Good Trouble: Lessons from the Civil Rights Playbook

Abrams Books

Narrated by Christopher Noxon

2 hr 24 min

Good Trouble is the helpful antidote to all the pessimism and name-calling that is permeating today’s political and social dialogues. Revisiting episodes from the civil rights movement of the 1950s and ’60s, it highlights the essential lessons that modern-day activists and the civically minded can extract and embrace in order to move forward and create change.

Journalist Christopher Noxon dives into the real stories behind the front lines of the Montgomery bus boycott and the Greensboro lunch counter sit-ins and notable figures such as Rosa Parks and Bayard Rustin, all while exploring the parallels between the civil rights movement era and the present moment. This thoughtful, fresh approach is sure to inspire conversation, action, and, most importantly, hope.

Narrated by the author. Includes a foreword read by Rev. Dr. Otis Moss III of Trinity United Church of Christ and an interview with the author.

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Additional Information

Publisher
Abrams Books
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Published on
Jan 8, 2019
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Duration
2h 24m 33s
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ISBN
9781683357292
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Language
English
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Genres
History / United States / General
Self-Help / General
Social Science / General
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Eligible for Family Library

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Orville and Wilbur Wright were men of exceptional courage and determination, and of far-ranging intellectual interests and ceaseless curiosity. When they worked together, no problem seemed to be insurmountable. Wilbur was unquestionably a genius. Orville had such mechanical ingenuity as few had ever seen. That they had no more than a public high school education and little money never stopped them in their mission to take to the air. Nothing did, not even the self-evident reality that every time they took off, they risked being killed.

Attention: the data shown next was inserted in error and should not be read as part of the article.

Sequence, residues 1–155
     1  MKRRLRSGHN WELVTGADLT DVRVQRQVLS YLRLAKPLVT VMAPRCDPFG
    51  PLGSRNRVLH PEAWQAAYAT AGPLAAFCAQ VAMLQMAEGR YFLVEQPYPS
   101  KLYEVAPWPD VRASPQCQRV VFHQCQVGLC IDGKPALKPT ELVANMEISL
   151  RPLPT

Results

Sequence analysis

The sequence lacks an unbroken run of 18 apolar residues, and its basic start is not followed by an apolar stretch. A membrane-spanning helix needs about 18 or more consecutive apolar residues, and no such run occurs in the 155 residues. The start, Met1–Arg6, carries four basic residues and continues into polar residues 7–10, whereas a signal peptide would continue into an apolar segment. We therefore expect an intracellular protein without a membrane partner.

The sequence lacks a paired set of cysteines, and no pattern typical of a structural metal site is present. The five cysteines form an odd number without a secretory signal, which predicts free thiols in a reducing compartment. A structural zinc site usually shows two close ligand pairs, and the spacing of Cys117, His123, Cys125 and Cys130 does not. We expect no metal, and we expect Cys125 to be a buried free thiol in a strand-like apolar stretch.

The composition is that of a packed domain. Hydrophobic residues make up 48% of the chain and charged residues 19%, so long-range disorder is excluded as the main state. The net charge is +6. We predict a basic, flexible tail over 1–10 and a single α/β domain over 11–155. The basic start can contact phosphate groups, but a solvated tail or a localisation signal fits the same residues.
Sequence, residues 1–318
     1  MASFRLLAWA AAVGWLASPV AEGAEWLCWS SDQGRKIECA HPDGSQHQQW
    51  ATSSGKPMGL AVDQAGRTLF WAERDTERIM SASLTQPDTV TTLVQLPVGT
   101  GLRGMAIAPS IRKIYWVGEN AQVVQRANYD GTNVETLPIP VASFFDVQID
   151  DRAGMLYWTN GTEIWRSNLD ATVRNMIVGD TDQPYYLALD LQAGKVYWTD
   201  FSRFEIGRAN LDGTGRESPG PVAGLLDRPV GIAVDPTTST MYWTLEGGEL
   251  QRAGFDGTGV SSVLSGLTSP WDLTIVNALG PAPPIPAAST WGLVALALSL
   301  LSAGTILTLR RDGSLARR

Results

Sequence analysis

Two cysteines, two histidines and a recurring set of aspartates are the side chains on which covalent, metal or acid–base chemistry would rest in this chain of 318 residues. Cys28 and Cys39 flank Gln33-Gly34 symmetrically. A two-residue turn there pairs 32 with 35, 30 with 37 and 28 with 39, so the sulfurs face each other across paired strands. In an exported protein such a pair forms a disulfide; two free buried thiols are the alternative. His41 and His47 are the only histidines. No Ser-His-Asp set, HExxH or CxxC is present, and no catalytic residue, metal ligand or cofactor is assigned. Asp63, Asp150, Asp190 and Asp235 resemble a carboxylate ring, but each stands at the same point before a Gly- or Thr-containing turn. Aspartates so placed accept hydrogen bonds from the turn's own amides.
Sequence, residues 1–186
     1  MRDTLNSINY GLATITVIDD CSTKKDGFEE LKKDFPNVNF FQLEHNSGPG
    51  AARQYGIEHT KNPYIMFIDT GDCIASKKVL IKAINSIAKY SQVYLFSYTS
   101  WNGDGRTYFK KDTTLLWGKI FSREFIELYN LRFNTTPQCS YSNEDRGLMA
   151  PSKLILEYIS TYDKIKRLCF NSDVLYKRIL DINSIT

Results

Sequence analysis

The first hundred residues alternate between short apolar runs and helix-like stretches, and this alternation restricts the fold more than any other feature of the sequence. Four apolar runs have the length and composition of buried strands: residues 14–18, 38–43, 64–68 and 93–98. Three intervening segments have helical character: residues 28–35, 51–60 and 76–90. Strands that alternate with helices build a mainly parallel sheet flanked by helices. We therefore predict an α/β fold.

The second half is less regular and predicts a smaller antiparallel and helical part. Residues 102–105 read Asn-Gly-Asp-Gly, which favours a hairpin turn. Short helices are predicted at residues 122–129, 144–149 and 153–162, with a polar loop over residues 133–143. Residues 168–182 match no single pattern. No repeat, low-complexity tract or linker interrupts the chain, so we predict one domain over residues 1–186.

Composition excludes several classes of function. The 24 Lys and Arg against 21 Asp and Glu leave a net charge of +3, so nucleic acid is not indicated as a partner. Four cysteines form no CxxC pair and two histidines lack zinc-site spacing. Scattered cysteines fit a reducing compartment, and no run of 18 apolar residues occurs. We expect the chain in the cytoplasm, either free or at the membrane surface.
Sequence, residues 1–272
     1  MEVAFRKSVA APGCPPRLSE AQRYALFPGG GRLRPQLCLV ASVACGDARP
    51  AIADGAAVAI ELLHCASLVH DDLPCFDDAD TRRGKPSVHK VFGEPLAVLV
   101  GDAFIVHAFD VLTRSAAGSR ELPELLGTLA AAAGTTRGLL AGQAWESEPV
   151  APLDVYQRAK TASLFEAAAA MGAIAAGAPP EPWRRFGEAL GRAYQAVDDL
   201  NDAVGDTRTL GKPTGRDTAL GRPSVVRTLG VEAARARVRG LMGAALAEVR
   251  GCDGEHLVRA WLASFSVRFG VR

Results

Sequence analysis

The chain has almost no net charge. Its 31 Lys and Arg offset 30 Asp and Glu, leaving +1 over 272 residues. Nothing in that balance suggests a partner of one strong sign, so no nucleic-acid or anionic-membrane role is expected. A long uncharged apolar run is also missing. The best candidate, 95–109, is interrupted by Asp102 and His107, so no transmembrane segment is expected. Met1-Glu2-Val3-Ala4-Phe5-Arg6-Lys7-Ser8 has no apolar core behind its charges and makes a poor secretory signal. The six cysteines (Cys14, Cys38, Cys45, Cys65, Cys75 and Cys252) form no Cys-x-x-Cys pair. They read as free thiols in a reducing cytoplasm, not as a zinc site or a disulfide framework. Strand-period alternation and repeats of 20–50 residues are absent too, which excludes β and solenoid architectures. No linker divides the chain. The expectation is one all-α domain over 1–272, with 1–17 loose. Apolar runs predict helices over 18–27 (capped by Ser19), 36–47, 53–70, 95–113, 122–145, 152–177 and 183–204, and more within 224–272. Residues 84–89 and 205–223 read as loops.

In this “enjoyable, fast-paced tale” (The Economist), master historian David McCullough “shows as never before how two Ohio boys from a remarkable family taught the world to fly” (The Washington Post) and “captures the marvel of what the Wrights accomplished” (The Wall Street Journal). He draws on the extensive Wright family papers to profile not only the brothers but their sister, Katharine, without whom things might well have gone differently for them. Essential reading, this is “a story of timeless importance, told with uncommon empathy and fluency…about what might be the most astonishing feat mankind has ever accomplished…The Wright Brothers soars” (The New York Times Book Review).
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Traditionally, Americans learned in school that the ancestors of the people who inhabited the Western Hemisphere at the time of Columbus’s landing had crossed the Bering Strait twelve thousand years ago; existed mainly in small, nomadic bands; and lived so lightly on the land that the Americas was, for all practical purposes, still a vast wilderness. But as Charles C. Mann now makes clear, archaeologists and anthropologists have spent the last thirty years proving these and many other long-held assumptions wrong.

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• In 1491 there were probably more people living in the Americas than in Europe.
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Mann sheds clarifying light on the methods used to arrive at these new visions of the pre-Columbian Americas and how they have affected our understanding of our history and our thinking about the environment. His book is an exciting and learned account of scientific inquiry and revelation.
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